Leominster tinnitus sufferer forced into redundancy

Published: Thu May 15 2008

Owen Shallcross from Leominster in Herefordshire has endured seven years of a frustrating and seemingly incurable ear condition. After a serious accident in July 2001 during which he was unconscious for several hours, tinnitus began to ring in Owen’s left ear. "The main factor seems to be the bad head injury that I suffered," says Owen. "Specialists say that the accident possibly compounded an acoustic neuroma, so my brain became confused and gave out the impression of white noise in my ears." Soon, both of Owen’s ears were affected by tinnitus and he says that its effects have grown harsher and louder since mid-2002.

Owen finds it difficult to follow conversations at times, due to the incessant buzzing in his ears. "It is at least as loud as a person’s speech, and often louder," he says. "It has become particularly bad over the last five years. Sometimes it sounds like screeching."

As many other sufferers will be aware, tinnitus can affect every area of your life, and Owen is no different. As well as affecting his ability to listen and communicate effectively, he has been forced to retire through redundancy. "I’m just not fit to work anymore," Owen says. "Unfortunately I suffer other illnesses including ME and chronic fatigue syndrome, MRSA, anxiety and depression; tinnitus was just the final straw so I’ve been forced into retirement." Owen struggles to get enough sleep due to tinnitus, which is at odds with his ME or CFS. "It’s like mental torture. It’s very difficult to sleep and I have to take sleeping pills every night for it," Owen adds.

Owen relies upon his faith to get him through the difficulties of tinnitus and does not know how he would deal with it otherwise. He agrees that more research needs to be undertaken to successfully treat tinnitus, and that few organisations exist to help him in his fight for a normal life.

Deafness Research UK is the country's only charity dedicated to finding new cures, treatments and technologies for the deaf, hard of hearing and other hearing impaired people including tinnitus sufferers. Vivienne Michael, Chief Executive of Deafness Research UK, said: "Over six million people in the UK are affected by tinnitus and it can have a devastating effect on their quality of life. Not enough is known about this very complex condition and we are determined to do something about it. We are committed to funding leading edge research and providing practical information to health professionals for the benefit of sufferers."

Deafness Research UK has produced a useful guide called ‘Managing Tinnitus’. To receive a copy telephone 0808 808 2222 or email info@deafnessresearch.org.uk. For information on research into deafness and other hearing conditions, log on to the website, www.deafnessresearch.org.uk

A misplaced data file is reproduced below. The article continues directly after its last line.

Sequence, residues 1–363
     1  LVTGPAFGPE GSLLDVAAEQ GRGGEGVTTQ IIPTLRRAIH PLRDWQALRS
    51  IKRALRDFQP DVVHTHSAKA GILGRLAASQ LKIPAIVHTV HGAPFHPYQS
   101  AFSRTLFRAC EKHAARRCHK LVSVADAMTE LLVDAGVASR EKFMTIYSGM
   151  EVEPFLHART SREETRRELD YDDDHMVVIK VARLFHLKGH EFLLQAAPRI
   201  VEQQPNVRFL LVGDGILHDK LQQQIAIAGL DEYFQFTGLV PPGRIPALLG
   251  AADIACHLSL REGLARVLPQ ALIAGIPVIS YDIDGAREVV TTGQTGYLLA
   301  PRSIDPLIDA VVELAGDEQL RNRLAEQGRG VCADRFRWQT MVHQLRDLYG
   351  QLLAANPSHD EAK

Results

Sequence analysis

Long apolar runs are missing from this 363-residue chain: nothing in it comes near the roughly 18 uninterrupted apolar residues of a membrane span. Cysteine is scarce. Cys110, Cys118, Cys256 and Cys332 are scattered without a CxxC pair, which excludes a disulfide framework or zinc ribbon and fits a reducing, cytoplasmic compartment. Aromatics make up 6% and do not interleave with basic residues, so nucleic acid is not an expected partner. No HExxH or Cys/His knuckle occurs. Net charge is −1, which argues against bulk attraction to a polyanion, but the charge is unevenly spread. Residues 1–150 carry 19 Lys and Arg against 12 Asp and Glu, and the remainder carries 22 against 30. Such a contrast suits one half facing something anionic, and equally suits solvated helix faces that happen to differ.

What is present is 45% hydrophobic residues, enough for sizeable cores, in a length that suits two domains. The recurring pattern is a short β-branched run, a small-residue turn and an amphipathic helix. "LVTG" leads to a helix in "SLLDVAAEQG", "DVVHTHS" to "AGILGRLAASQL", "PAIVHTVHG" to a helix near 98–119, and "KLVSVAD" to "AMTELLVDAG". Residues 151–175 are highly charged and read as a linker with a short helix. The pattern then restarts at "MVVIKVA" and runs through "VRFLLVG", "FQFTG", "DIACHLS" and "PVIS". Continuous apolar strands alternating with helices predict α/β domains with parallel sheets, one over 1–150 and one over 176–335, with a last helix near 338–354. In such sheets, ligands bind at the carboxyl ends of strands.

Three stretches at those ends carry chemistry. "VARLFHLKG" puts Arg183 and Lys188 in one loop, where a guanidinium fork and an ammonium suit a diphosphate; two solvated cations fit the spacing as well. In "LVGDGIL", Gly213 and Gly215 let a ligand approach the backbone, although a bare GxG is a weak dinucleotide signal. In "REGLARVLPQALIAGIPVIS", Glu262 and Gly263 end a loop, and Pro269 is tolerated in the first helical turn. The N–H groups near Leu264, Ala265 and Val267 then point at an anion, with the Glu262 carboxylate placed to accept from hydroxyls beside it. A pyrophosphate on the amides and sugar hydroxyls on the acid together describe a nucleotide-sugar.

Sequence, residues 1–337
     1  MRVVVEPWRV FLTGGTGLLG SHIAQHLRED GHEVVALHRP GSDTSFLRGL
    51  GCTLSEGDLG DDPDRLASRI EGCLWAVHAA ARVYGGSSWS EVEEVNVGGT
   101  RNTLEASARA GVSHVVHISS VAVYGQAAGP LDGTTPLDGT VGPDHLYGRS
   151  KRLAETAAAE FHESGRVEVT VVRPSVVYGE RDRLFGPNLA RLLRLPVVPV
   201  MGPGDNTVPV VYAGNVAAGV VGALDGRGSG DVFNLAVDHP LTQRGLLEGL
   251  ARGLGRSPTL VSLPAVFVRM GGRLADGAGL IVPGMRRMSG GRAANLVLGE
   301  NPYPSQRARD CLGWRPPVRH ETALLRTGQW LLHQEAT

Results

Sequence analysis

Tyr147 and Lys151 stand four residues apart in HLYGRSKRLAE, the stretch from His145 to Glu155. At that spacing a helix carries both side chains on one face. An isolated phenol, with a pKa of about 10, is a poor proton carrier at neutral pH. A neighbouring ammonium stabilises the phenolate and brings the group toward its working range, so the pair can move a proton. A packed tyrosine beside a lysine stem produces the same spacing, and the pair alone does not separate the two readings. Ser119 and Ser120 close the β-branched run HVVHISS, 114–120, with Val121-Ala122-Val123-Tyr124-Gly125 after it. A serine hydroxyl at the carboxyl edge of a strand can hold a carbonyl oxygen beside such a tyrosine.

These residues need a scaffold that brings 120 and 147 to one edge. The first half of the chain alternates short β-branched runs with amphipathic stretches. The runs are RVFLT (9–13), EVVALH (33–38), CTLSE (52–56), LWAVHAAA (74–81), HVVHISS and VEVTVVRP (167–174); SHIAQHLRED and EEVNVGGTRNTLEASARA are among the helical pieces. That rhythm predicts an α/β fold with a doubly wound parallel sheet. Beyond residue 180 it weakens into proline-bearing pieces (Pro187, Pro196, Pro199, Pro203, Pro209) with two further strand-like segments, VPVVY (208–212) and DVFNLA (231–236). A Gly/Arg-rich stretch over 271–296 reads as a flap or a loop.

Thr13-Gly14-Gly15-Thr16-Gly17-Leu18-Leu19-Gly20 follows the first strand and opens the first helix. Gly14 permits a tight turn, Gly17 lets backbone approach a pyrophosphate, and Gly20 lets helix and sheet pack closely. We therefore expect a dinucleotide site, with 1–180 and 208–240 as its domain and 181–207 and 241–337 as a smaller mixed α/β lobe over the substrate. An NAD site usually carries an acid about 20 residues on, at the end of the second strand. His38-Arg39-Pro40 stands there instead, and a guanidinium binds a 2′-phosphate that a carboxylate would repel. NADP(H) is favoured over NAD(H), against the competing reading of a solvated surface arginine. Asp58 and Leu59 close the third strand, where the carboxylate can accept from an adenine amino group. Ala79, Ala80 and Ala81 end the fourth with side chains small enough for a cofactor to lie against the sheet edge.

About tinnitus
Tinnitus describes the noises that some people hear 'in their ears' or 'in their head'. These noises can take many forms, with descriptions ranging from whistling, humming, and tissue paper rustling to kettles boiling. Some people hear their noises as tunes and melodies. The common factor with all these sounds is that they do not originate from an external source. Tinnitus is not a disease, but a symptom - like an ache in one of your joints or itching for no reason. Nearly all the causes are benign and in many cases tinnitus is a natural part of the ageing process. But, as decibel levels in today's environment rise, tinnitus is affecting increasingly younger people.
Noise is not the only cause of tinnitus, though can be a contributing or factor. Though more research needs to be carried out about the causes of tinnitus, medical conditions such as high blood pressure, diabetes, and Basilar Artery Migraine are linked. A conservative estimate is that over six million people in the UK are affected by tinnitus. For over 3 million people - it has a significant effect on their quality of life and can be described as ‘moderately or severely annoying’.

For around 300,000 of these people it severely affects their ability to lead a normal life, and can be incredibly debilitating – leading to sleep deprivation and a total loss of any normal social life.

About Deafness Research UK
• Deafness Research UK is the country’s only charity dedicated to finding new cures, treatments and technologies for deaf, hard of hearing and other hearing impaired people.
• The charity supports high quality medical research into the prevention, diagnosis and treatment of all forms of hearing impairment including tinnitus.
• The Deafness Research UK Information Service provides free information and advice based on the latest scientific evidence and informed by leading experts. The Information Service can be contacted on Freephone 0808 808 2222
• Deafness Research UK was founded in 1985 by Lord and Lady Ashley of Stoke.
• For more information on research into deafness, tinnitus and other hearing conditions, log on to the website at www.deafnessresearch.org.uk where you can access a wide range of information. Alternatively you can e-mail Deafness Research UK at info@deafnessresearch.org.uk
• One in seven people in the UK – almost nine million people - suffer hearing loss.

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Ref: DRUK0070 – Owen Shallcross
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